His gravestone still stands in the Lovejoy lot of the South Church cemetery. His epitaph reads "Born in Boston a slave; died in Andover a free man; February 23, 1826; Much respected as a sensible; amiable and upright man."
Pompey Lovejoy was born in 1724 in Boston, Mass., as a slave to Captain William Lovejoy. Pompey took his last name from the family he served. At age 9, he and his master moved to Andover. The captain was so fond of "Pomp" that in 1762 he granted him an early freedom "from all slavery and servitude." This occurred 18 years before slavery was officially abolished in Massachusetts. Later, Capt. Lovejoy's will stipulated that Pompey "be given some choice acreage so that he might better enjoy his later years." Pompey's land was located close to the road that led to the pond that would eventually bear his name.
On Dec. 26, 1751, Pompey wed Rose, a servant of Andover's John Foster. A remnant of Rose's 200-year-old wedding dress may still be seen at the Andover Historical Society.
Pompey and Rose built their cabin on the land inherited from Captain Lovejoy. It was said "he crooned songs while he fried his ham and eggs. He darned his own socks if they ever were darned." It was written that he played the fiddle until "his fingers grew stiff" and "his elbow lost its elasticity." And it was said, "They had smiles for you even if Pomp was 'bad with rheumatiz', or Rose was laid up for a spell."
At 52, Pompey served one and a half days in the Revolutionary War under Captain Henry Abbot's company. He never saw combat because by the time the Andover soldiers arrived in Lexington the battle was over. A march to chase the retreating British enemy lasted until dark and only resulted in a tiring 35-mile march.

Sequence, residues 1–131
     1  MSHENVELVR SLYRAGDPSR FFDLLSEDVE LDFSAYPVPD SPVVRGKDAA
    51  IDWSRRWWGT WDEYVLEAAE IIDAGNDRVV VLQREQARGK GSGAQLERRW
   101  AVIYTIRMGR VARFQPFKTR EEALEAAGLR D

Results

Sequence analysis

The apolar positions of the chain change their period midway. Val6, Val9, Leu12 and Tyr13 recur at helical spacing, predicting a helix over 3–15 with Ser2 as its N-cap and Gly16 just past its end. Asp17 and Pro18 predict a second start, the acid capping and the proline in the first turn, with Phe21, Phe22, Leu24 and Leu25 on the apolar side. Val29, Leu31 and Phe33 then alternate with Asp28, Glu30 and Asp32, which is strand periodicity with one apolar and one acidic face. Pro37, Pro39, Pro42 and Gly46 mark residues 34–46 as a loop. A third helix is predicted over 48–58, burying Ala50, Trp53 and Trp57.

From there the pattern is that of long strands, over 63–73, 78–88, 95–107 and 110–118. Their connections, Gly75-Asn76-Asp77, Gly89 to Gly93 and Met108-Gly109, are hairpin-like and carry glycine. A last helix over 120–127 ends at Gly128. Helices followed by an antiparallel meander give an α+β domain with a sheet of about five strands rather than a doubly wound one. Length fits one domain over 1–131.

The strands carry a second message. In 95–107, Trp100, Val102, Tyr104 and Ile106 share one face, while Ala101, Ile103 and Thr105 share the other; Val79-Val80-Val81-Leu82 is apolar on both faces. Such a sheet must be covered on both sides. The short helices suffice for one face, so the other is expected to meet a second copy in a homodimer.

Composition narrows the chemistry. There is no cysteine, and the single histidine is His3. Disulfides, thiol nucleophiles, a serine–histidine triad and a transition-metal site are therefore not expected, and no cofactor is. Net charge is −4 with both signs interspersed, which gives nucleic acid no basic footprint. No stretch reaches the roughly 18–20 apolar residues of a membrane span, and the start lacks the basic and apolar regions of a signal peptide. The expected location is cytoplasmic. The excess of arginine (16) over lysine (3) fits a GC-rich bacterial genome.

Pompey was a town fixture. The custom of New England Town Meeting days provided special occasions where the townspeople could socialize and discuss politics. Pompey and his wife would host gatherings at their cabin in the woods, and they were in charge of making the 'lection cake and ginger root beer. The original recipe for "Pomp's" cake, as it was called, was one pound of sugar, four pounds of flour, one pound of butter and one-half pint sweet lively yeast mixed with warm milk. This would yield four to five loaves that would be spiced with cinnamon or nutmeg. It was said "Pity the town meeting house crowd on election day if Pompey was not custodian of the cake and beer. Woe to the funeral wake if Pompey did not mix the grog and serve it."
Even the Phillips Academy boys knew Pompey. Clause Feuss, in his campus history, related, "When lessons were over, there was plenty of chance for exercise in the pond near which Pomp still had his cabin. In 1824 Pomp was still alive and told the boys that he was over a hundred years old."
Pompey died on Feb 22, 1826 at the reported age of 102. His wife, Rose, died Nov. 8, 1826, at age 99. The land, by that time, was owned by William Foster. Foster's daughters were said to have lived in his cabin after Pompey died. In later years, even though the cabin was gone, the cellar hole of the cabin was still visible with a pine tree growing up through what was once the floor.
Pompey Lovejoy provided 19th century townfolk with food, drink and support. In the 20th century, Andover paid tribute to Pompey by naming Pomp's Pond in his honor.
"Andover Stories" is a weekly column about interesting local people and events, told to celebrate the Andover Historical Society's 100 anniversary in 2011.